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Journal of Immunology Research
Volume 2018, Article ID 8605471, 12 pages
https://doi.org/10.1155/2018/8605471
Review Article

Regulation of Immune Cell Functions by Metabolic Reprogramming

1Department of Biochemistry, School of Medicine, Gachon University, Incheon 21999, Republic of Korea
2Department of Health Sciences and Technology, Gachon Advanced Institute for Health Science and Technology, Gachon University, Incheon 21999, Republic of Korea

Correspondence should be addressed to Jaehong Kim; rk.ca.nohcag@scitereg

Received 19 October 2017; Accepted 14 January 2018; Published 13 February 2018

Academic Editor: Abdallah Elkhal

Copyright © 2018 Jaehong Kim. This is an open access article distributed under the Creative Commons Attribution License, which permits unrestricted use, distribution, and reproduction in any medium, provided the original work is properly cited.

Abstract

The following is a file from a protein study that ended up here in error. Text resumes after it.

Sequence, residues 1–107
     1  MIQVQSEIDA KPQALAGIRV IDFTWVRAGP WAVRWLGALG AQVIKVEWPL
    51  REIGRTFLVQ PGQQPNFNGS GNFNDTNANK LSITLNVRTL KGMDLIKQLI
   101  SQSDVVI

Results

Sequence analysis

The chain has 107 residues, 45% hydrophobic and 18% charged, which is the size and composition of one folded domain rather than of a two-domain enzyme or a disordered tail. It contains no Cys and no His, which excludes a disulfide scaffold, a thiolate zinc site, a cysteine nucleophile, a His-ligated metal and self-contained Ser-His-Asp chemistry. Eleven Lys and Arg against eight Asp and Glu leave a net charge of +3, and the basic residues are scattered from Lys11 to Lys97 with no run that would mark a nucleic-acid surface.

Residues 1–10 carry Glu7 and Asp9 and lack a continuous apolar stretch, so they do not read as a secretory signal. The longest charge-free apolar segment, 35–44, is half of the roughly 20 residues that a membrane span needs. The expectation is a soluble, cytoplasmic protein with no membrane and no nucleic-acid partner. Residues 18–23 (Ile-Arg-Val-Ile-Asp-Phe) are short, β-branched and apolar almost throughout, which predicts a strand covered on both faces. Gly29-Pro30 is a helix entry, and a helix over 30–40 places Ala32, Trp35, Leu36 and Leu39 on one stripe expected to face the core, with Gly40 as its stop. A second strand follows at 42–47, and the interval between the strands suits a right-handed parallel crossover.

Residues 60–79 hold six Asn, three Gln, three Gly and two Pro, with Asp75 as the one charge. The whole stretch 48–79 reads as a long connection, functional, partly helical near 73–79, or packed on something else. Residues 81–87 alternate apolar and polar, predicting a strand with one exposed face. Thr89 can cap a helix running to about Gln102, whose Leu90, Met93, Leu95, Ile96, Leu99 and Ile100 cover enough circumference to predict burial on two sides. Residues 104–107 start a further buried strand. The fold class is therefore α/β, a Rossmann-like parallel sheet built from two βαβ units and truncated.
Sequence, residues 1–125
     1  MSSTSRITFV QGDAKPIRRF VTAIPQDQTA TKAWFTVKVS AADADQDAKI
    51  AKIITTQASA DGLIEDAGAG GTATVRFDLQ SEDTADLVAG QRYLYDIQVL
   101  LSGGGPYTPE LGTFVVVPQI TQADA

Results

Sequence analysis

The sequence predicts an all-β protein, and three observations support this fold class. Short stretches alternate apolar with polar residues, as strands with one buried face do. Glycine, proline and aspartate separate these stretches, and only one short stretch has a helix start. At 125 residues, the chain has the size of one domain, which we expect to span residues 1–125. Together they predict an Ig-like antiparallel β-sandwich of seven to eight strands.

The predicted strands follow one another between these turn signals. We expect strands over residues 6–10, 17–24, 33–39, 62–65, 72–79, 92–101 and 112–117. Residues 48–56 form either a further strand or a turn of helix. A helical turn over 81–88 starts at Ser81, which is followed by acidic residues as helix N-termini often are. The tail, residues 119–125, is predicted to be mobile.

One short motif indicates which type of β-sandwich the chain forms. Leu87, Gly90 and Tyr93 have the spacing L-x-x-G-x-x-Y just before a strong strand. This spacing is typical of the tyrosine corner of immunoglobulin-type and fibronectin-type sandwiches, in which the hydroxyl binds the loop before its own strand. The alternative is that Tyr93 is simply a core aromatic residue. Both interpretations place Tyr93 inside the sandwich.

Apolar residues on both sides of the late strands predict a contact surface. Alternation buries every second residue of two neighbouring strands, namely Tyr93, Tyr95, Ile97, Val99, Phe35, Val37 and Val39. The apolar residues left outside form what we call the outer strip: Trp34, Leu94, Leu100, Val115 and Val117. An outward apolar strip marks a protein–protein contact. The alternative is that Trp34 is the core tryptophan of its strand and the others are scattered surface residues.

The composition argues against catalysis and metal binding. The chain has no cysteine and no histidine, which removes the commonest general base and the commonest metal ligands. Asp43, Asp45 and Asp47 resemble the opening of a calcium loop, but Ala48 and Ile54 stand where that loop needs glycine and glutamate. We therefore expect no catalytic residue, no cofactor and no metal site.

Recent findings show that the metabolic status of immune cells can determine immune responses. Metabolic reprogramming between aerobic glycolysis and oxidative phosphorylation, previously speculated as exclusively observable in cancer cells, exists in various types of immune and stromal cells in many different pathological conditions other than cancer. The microenvironments of cancer, obese adipose, and wound-repairing tissues share common features of inflammatory reactions. In addition, the metabolic changes in macrophages and T cells are now regarded as crucial for the functional plasticity of the immune cells and responsible for the progression and regression of many pathological processes, notably cancer. It is possible that metabolic changes in the microenvironment induced by other cellular components are responsible for the functional plasticity of immune cells. This review explores the molecular mechanisms responsible for metabolic reprogramming in macrophages and T cells and also provides a summary of recent updates with regard to the functional modulation of the immune cells by metabolic changes in the microenvironment, notably the tumor microenvironment.